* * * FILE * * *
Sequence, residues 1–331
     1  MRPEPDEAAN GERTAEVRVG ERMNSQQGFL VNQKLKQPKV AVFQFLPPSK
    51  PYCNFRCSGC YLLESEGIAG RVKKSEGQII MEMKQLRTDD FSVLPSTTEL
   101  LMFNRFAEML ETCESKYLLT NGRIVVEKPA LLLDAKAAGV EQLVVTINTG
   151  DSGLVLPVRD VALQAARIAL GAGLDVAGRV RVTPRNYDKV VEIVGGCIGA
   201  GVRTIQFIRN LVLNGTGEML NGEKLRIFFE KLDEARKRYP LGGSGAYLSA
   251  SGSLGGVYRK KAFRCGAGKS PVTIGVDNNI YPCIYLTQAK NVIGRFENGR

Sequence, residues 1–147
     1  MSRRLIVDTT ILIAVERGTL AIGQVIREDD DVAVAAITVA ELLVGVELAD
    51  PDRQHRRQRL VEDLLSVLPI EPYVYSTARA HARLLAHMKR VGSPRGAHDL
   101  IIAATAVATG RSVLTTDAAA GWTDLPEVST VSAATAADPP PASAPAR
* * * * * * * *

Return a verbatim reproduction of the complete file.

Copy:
Sequence, residues 1–331
     1  MRPEPDEAAN GERTAEVRVG ERMNSQQGFL VNQKLKQPKV AVFQFLPPSK
    51  PYCNFRCSGC YLLESEGIAG RVKKSEGQII MEMKQLRTDD FSVLPSTTEL
   101  LMFNRFAEML ETCESKYLLT NGRIVVEKPA LLLDAKAAGV EQLVVTINTG
   151  DSGLVLPVRD VALQAARIAL GAGLDVAGRV RVTPRNYDKV VEIVGGCIGA
   201  GVRTIQFIRN LVLNGTGEML NGEKLRIFFE KLDEARKRYP LGGSGAYLSA
   251  SGSLGGVYRK KAFRCGAGKS PVTIGVDNNI YPCIYLTQAK NVIGRFENGR

Sequence, residues 1–147
     1  MSRRLIVDTT ILIAVERGTL AIGQVIREDD DVAVAAITVA ELLVGVELAD
    51  PDRQHRRQRL VEDLLSVLPI EPYVYSTARA HARLLAHMKR VGSPRGAHDL
   101  IIAATAVATG RSVLTTDAAA GWTDLPEVST VSAATAADPP PASAPAR